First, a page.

Item: Working out and staying in shape this summer are no longer the only priorities for Orange competitors. The historic transition removing amateurism from college sports means business. Player’s schedules now include a large dose of phone calls and meetings with their parents and various representatives touting deals to monetize their college athletic careers.
When the clock struck midnight on July 1, there was no family better prepared to begin the transition of allowing college players to make money off their name, image, and likeness than the Boeheim’s, father Jim and sons Buddy and Jimmy.
Coinciding with his year-by-year rise to becoming a household name in college basketball not because of having the second winningest all-time coach in Div. I living in the same house, but because of his scoring exploits in the ACC and NCAA Tournaments this past March, Buddy Boeheim, in particular, was ready to pounce.
Just one day into the new age of player’s capitalizing on their fame, Buddy Boeheim announced the first of-its-kind, new line of “Buddy Buckets” merchandise on The Player’s Trunk website, and already his limited-edition autographed items have sold out. But don’t worry, you can still order t-shorts and hoodies, all officially licensed and adorned with the trademarked orange Syracuse block-S logo, or Buddy’s custom line of flip flops and socks from ISlide.
Less than three weeks later, bi-coastal public relations firm Jennifer Bett Communications was touting Buddy Boeheim’s NCAA-first ad campaign on TV and in-store for Three Wishes Cereal, a high-protein, low-sugar, grain-free product developed in late 2019 by Ian and Margaret Wishingrad of Scarsdale, N.Y. (Ian is a Newhouse School graduate).
The TV spot, filmed at the Boeheim’s suburban Syracuse home, has already aired and streamed in central New York with a light-hearted theme, and as with Buddy’s Player Trunk offerings, there’s a limited-edition box of cereal currently in production which, by-the-way, comes in five flavors or unsweetened.
Jimmy Boeheim has jumped into the NIL pool in a more low-key fashion, offering personalized video greetings on the Cameo app, while Buddy’s backcourt mate Joe Girard III has taken full NIL advantage of his “JG3” persona, a phrase he and his family trademarked while he was staring at Glens Falls High School setting the New York State all-time scholastic scoring record.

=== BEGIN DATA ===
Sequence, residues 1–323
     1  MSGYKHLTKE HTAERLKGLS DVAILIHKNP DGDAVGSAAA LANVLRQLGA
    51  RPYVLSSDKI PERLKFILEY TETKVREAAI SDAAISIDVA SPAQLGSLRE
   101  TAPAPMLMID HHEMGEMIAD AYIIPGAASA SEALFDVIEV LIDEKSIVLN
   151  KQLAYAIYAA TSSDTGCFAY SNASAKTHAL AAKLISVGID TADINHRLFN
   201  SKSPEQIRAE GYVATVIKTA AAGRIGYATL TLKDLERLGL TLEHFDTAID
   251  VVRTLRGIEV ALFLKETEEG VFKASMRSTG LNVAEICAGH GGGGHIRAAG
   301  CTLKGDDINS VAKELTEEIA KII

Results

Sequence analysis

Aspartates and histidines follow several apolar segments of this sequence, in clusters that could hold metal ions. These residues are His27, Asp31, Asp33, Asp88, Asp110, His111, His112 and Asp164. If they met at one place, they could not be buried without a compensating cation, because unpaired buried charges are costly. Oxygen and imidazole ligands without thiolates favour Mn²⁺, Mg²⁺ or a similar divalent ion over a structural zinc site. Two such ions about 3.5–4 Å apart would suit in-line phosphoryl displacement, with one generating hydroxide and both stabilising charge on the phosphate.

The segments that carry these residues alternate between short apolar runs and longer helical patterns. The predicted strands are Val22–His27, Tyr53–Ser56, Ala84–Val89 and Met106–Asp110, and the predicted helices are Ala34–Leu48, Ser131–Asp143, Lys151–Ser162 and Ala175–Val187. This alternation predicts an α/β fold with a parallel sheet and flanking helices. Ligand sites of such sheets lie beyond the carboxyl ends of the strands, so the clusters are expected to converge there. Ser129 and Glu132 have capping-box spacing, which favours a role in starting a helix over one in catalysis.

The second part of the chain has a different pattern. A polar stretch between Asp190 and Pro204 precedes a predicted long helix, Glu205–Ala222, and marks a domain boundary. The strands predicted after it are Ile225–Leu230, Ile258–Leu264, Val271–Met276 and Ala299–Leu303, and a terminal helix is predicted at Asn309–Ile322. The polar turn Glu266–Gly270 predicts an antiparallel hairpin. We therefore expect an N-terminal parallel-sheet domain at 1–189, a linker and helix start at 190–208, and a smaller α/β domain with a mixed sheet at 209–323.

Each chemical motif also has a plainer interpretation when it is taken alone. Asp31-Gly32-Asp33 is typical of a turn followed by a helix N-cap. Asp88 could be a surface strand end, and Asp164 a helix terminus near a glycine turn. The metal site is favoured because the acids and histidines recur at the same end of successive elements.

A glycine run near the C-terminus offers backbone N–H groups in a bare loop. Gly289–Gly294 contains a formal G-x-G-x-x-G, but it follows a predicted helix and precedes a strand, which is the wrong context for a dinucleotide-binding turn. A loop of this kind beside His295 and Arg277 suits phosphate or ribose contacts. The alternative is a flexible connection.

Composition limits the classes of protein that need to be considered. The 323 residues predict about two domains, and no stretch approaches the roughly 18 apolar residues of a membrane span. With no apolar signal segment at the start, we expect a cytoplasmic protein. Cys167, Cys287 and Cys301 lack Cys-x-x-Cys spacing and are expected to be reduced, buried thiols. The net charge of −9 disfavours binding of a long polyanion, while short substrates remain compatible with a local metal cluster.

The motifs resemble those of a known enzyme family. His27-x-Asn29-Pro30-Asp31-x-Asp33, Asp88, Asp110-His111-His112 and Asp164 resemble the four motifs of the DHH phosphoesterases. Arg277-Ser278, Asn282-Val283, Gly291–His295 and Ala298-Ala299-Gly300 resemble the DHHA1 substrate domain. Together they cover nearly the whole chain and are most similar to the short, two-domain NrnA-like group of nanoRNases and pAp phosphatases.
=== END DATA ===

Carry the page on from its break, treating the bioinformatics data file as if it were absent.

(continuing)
Girard also has merchandise on The Player’s Trunk, a deal to play video games with fans at Yoke Gaming, an upcoming agreement with Syracuse grad Brandon Steiner’s Collectable Xchange, and his eyeing hosting his own shooting camp.
On the Syracuse football side, the NIL movement has proceeded a little slower than hoops. Dino Babers is ecstatic that his players will be able to make money off all of their hard work and athletic skills on the field, but he’s also cautious and playing the role of a parent when it comes to providing advice to his football “family.”
“One of the first things I said in a team meeting, I’m going to teach you guys about contracts,” Babers said last month at the ACC Kickoff event in Charlotte. “What happens when you sign your name to something? It’s legally binding.”
“Just making sure when they’re going out there and they’re exercising their right to some of these opportunities, that they’re not getting tied up in a situation where it could cost them later.”
All Syracuse athletes are eligible to take part in the school’s newly established NIL program called “ACCELERATE,” designed to provide the proper foundation for traversing through the new money-making landscape.
Included in the program is access to a software program/mobile app that delivers customized SU sports content (INFLCR) to players, coaches, staff, and media, along with comprehensive training seminars in September from both university professors and corporate executives helping to answer the real-world questions to a new group of entrepreneurs – Syracuse athletes.